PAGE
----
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Style Icon: Eileen Gray

by Amy Azzarito


With Saint Patrick’s Day right around the corner, we wanted to celebrate an Irish designer. Eileen Gray (August 9, 1878–October 31, 1976) was one of the pioneers of modernist design, but only relatively recently has she been recognized for her design contributions. Born into an aristocratic Irish family, Eileen’s Scottish father was an amateur landscape painter who encouraged his daughter’s artistic pursuits. When she was 20, she enrolled at the Slade School of Art in London. In 1902, she moved to Paris, where she would spend most of her life. Eileen discovered lacquer work in London, and while in Paris, she met Seizo Sugawara, a Japanese lacquer master. Eileen became a devoted student and was the first western practitioner of Japanese lacquer work. (When war broke out in 1914, Eileen returned to London for the duration, taking Sugawara with her.) Eileen’s work expressed the contemporary enthusiasm for Art Deco style. In 1922, she opened a shop in Paris to sell her lacquer work as well as her carpet designs, focusing on decorative surfaces and luxurious materials. By the late 1920s, tastes had changed, and Eileen turned her attention to architecture.


Image above: Adjustable table E-1027 (the table was used at the villa E-1027 next to the bed) sold at DWR, $977.50

Eileen designed a seaside villa in southern France (Roquebrune-Cape-Martin) for herself and her lover, Jean Badovici. She named the house E-1027, a code for their initials: “E” for Eileen, 10 for Jean (beginning with the tenth letter of the alphabet), 2 for Badovici (beginning with the second letter of the alphabet) and 7 for Gray (beginning with the seventh letter of the alphabet). The home overlooks the Bay of Monaco and was conceived with built-in furniture to maximize space. The L-shaped building with its flat roof and glass walls takes full advantage of the view, and each room has a balcony. Eileen moved out of the house for good in 1932, returning to Paris. She left the home to Badovici. In the 1930s, Le Corbusier, a friend of Badovici’s, painted a series of eight murals on the clean white walls of the villa to Eileen’s great displeasure, who saw it as an act of vandalism. The German soldiers who occupied the villa during World War II used the murals for target practice. The building fell into disrepair in the late ’90s, but in 2000 it was declared a French National Cultural Monument. The house is expected to open to the public later in 2013. (Le Corbusier built his own home a short distance away from E-1027, and when he died in 1965, he was swimming in the sea directly in front of E-1027.)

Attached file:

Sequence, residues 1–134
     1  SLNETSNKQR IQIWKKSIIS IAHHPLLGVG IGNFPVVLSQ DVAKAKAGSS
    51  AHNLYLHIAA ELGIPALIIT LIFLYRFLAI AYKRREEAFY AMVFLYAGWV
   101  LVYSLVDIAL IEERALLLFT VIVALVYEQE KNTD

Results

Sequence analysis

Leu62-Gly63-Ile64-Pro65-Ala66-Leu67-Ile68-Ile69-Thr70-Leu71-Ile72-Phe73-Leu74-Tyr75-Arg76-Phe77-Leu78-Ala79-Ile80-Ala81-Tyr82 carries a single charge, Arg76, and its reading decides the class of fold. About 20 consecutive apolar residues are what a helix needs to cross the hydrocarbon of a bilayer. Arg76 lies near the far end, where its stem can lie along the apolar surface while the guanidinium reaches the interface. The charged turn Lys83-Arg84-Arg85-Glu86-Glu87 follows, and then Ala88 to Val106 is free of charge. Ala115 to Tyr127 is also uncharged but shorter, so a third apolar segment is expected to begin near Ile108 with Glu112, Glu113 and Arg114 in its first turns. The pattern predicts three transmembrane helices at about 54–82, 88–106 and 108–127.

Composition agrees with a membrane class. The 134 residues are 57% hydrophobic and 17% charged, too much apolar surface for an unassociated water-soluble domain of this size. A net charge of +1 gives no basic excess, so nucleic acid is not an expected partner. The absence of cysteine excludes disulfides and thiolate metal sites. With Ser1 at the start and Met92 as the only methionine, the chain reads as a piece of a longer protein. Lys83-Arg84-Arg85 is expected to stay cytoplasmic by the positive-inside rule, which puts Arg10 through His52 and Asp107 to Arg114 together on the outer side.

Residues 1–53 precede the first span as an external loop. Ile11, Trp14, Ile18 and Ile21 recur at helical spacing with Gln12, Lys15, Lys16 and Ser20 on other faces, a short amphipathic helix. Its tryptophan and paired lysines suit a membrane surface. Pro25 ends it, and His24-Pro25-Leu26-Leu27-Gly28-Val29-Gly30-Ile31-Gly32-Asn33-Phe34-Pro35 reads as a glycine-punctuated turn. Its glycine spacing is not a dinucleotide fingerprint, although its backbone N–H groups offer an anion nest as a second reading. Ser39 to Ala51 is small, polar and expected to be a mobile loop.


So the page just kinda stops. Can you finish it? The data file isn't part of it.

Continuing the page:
Image above: Bibendum armchair (named for the character created by Michelin to sell tires)

Eileen spent her later years in Paris. She continued to work on design projects but was virtually ignored by the design industry. She began to lose her sight and hearing at around age 70 but continued to work. In her 80s, she transformed an agricultural shed outside Saint-Tropez into a summer home. Her work began receiving attention toward the end of her life in 1968, with a favorable article about her work appearing in Domus magazine. Exhibitions of her work followed in the 1970s. Eileen Gray died at her apartment in Paris in 1976.

See the Eileen Gray inspired roundup after the jump!


Image above: 1. Wood Palette with 12 Brushes, $8.06 | 2. Lacquer Earrings, $145 | 3. Set of Small Lacquered Bamboo Bowls, $18.90 | 4. Plastic Lacquer Udon Soup Bowl, $6.56 | 5. Lacquer Box, Tall Square, $40 | 6. Double Finger Ring, $345 | 7. The More the Merrier Candelabrum, $109.65 | 8. Andrea Blazer, $225

Books to Read

Eileen Gray by Caroline Constant — Uses a wealth of archival materials to explore the work of Eileen Gray.

Eileen Gray: Architect/Designer by Peter Adam — In addition to a catalog of Gray’s work, this book tells the story of her Irish upbringing and schooling.


Image above: Small Rectangle Lacquer Trays, $32


Image above: Lacquer Jewelry Box, $49–79

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